A catalog displaying a synthesis of all the ideas generated for the project. It may include comments on the ideas, possible elaborations and business opportunities. At collaborative meetings, project presentations and co-creation workshops when it is necessary to make tangible the volume of ideas generated, thus allowing better visualization for the decision-making process. It also serves to document the partial results of the project. The idea is to list the ideas generated during the project and organize them in the form of a restaurant menu, or a deck of cards. The end result can be digital or hard copy. Remember that each element may contain blank spaces to allow for comments, and also blank sections for writing down any new ideas or solutions that may arise.

Case — Menu of ideas for monitoring chronic patients In this project, from the Analysis phase to Ideation, we came up with a great many ideas to provide a basis for working out concrete solutions for chronic patients, doctors, policyholders (the companies contracting the insurance) and the insurer (the project contractor). These were used to create a Menu with a total of 66 ideas broken down into separate cards. In the Menu of Ideas, each card was created taking into account the stage of the chronic patient and the actors involved in the proposed solution. The stage can be thought of as the moment at which the insured party finds himself in the progress of his illness, that is, prevention, diagnosis or treatment. On the other hand, the actors involved are the policyholder, who contracts coverage

Ideation 109 109

from the insurer, the insurer, and the physician participating in the treatment of the chronic patient. Over the course of the project, it was possible to combine one or more idea cards to come up with solutions or complex services that could settle matters in a more robust fashion. The material could also be used by the insurer to help solve a variety of problems inherent to the project of monitoring chronic patients, and could also provide inspiration for future projects to create new products and services.


decision matrix WHAT IS IT?


It is a tool for strategic analysis of the ideas generated, used to validate them in terms of the Guiding Criteria and the needs of the personas created for the project. The purpose of this feature is to support the decision making process, based on effective communication of the benefits and challenges of each solution, so that the most strategic ideas are selected for prototyping. At meetings of the project team with clients, to serve as support material for the evaluation of ideas and determining next steps. The ideas generated in the project are listed and may be grouped by similarity or, with very large volumes, an arrangement may be worked out in advance. Then, the Guiding Criteria and/or the Personas created over the course of the project are combined to form a matrix that is filled collaboratively, with an evaluation of how each idea meets each requirement.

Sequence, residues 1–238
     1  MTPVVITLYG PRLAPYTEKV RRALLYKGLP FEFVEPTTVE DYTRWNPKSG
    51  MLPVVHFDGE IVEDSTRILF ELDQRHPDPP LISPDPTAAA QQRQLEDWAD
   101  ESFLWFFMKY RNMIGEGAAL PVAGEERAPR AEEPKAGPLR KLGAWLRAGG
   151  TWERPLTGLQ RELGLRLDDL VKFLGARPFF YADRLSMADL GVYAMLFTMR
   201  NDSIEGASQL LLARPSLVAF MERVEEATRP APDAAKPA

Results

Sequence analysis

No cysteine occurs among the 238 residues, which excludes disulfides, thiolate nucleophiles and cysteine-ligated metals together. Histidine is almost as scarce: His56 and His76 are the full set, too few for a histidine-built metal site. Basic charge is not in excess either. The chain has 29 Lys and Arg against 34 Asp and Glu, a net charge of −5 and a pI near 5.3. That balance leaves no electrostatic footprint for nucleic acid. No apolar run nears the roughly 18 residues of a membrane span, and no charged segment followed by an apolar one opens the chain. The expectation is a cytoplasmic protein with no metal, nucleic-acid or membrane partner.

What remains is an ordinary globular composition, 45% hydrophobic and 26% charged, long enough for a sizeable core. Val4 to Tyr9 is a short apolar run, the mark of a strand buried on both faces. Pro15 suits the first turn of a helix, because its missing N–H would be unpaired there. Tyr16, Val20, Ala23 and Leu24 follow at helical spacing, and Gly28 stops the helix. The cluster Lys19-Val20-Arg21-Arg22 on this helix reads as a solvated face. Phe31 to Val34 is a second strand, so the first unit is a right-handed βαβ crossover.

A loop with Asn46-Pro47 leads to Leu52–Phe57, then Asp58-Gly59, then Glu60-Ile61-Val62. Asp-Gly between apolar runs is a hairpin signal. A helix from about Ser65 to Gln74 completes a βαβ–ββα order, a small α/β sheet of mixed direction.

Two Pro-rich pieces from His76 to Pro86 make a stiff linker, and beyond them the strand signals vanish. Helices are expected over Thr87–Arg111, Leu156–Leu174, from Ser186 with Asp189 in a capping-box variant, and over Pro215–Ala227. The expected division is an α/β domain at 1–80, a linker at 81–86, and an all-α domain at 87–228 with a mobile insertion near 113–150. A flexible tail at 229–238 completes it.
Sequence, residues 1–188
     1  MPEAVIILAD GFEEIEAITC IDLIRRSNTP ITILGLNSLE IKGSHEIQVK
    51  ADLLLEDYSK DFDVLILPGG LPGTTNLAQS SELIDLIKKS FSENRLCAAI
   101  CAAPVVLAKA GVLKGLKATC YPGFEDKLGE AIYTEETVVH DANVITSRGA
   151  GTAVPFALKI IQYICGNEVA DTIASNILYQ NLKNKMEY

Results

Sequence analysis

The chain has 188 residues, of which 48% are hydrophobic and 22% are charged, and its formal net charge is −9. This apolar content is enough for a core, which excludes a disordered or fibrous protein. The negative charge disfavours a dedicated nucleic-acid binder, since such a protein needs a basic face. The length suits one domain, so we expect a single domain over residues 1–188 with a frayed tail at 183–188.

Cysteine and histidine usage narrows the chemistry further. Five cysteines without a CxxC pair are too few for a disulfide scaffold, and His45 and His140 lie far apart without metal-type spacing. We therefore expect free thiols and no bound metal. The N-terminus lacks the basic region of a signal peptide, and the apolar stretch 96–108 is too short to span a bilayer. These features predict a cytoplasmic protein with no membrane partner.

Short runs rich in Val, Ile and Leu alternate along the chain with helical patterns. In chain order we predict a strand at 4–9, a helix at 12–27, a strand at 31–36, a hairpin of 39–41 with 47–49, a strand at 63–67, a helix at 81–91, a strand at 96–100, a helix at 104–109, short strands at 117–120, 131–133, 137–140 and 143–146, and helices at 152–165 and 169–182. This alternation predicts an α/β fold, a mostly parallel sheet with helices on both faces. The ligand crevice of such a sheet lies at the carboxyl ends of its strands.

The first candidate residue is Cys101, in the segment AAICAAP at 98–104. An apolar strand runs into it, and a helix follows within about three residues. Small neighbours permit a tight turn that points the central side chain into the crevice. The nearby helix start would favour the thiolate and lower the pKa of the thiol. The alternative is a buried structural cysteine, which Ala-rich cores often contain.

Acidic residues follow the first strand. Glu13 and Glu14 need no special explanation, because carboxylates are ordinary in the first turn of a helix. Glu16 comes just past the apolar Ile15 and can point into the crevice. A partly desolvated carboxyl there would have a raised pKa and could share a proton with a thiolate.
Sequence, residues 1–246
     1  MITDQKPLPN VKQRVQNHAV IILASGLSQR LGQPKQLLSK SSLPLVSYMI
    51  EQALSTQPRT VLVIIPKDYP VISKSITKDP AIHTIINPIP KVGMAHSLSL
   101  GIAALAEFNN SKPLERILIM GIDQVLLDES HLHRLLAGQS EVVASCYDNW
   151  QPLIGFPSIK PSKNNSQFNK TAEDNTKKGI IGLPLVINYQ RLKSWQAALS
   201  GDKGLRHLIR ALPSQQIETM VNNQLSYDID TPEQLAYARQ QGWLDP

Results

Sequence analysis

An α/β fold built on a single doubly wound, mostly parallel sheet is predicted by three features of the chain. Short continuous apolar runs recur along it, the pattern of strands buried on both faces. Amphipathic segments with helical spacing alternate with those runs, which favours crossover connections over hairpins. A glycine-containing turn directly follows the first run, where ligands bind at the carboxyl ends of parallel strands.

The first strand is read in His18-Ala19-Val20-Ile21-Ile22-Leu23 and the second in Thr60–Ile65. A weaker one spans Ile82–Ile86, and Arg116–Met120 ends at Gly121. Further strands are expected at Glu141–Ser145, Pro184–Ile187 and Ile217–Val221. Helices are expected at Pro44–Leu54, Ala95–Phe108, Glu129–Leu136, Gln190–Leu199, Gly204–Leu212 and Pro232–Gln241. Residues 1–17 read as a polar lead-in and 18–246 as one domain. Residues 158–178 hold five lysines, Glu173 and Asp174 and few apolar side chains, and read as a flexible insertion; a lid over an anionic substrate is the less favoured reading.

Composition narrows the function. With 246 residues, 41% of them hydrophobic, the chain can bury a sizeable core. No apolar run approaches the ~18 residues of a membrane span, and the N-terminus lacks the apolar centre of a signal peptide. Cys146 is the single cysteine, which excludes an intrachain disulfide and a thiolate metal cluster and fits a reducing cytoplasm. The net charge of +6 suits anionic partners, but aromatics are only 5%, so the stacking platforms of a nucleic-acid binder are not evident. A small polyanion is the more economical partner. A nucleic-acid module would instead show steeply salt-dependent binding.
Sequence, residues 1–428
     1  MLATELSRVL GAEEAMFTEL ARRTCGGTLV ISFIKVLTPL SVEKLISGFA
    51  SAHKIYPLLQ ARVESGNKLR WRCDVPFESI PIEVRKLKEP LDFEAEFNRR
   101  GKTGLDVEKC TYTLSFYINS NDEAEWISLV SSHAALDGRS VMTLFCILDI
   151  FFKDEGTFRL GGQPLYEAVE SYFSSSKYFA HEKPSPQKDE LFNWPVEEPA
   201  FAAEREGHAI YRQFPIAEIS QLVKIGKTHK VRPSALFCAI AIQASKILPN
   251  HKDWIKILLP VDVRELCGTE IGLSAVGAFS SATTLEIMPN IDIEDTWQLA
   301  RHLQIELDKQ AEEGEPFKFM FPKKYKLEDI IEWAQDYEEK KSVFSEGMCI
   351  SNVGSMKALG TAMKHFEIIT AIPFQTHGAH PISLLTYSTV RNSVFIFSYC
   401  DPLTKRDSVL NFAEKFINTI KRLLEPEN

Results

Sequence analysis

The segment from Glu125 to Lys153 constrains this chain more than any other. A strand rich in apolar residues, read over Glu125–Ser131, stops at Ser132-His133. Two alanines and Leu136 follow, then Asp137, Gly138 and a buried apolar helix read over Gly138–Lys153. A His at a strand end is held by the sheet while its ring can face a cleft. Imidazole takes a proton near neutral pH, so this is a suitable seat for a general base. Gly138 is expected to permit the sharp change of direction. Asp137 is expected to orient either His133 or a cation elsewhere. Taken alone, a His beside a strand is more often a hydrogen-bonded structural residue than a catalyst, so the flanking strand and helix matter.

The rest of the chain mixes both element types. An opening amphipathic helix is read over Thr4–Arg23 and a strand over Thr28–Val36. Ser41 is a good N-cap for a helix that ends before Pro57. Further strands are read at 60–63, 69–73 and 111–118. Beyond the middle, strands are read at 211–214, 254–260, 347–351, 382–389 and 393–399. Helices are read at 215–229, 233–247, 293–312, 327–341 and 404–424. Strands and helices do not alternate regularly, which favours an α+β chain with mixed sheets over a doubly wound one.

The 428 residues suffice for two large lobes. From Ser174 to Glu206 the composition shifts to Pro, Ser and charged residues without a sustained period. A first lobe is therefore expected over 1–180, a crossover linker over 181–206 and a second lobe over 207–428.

Case — Selecting ideas for selling insurance via cell phone In the context of creating ways to sell micro-insurance via cell phone, the six final ideas, refined after the co-creation workshop with the client’s staff members, were combined with the Guiding Criteria, creating a score for adherence to scope and Personæ. It was then possible to evaluate the acceptance of the client by the target audience for the service, which in turn helped with decision making on the most appropriate ideas to be implemented.


idea 1

idea 2

idea 3

idea 4

idea 5

idea 6








112 112

Case — Analyzing ideas for ATM innovation Over the course of a project to innovate ATM’s based on the analysis of the Desk Research, as well as In-Depth Research, extensive opportunities were found to incite the generation of ideas. Accordingly, the need arose to perform an analysis to identify certain criteria for evaluation, which are as follows: 1. The area of opportunity to which the idea belonged, for instance: education, gamerization and customization, to name a few; 2. The type of interface (spatial, object or digital) through which the idea is introduced; 3. The incidence level of the subject idea in stories collected from field surveys, in other words, its adherence to the context of the user. 4. At what level of innovation should the idea be classified, in terms of the market. These criteria were placed in the rows of a matrix and combined with ideas so they could be evaluated. The result was used as the basis for formulation of recommendations to guide their implementation. Among the ideas recommended, moreover, some were classified as candidates for prioritized implementation, because the potential return they would yield for the bank was clearly discerned in various respects, particularly that of achieving major market exposure due to their level of innovation.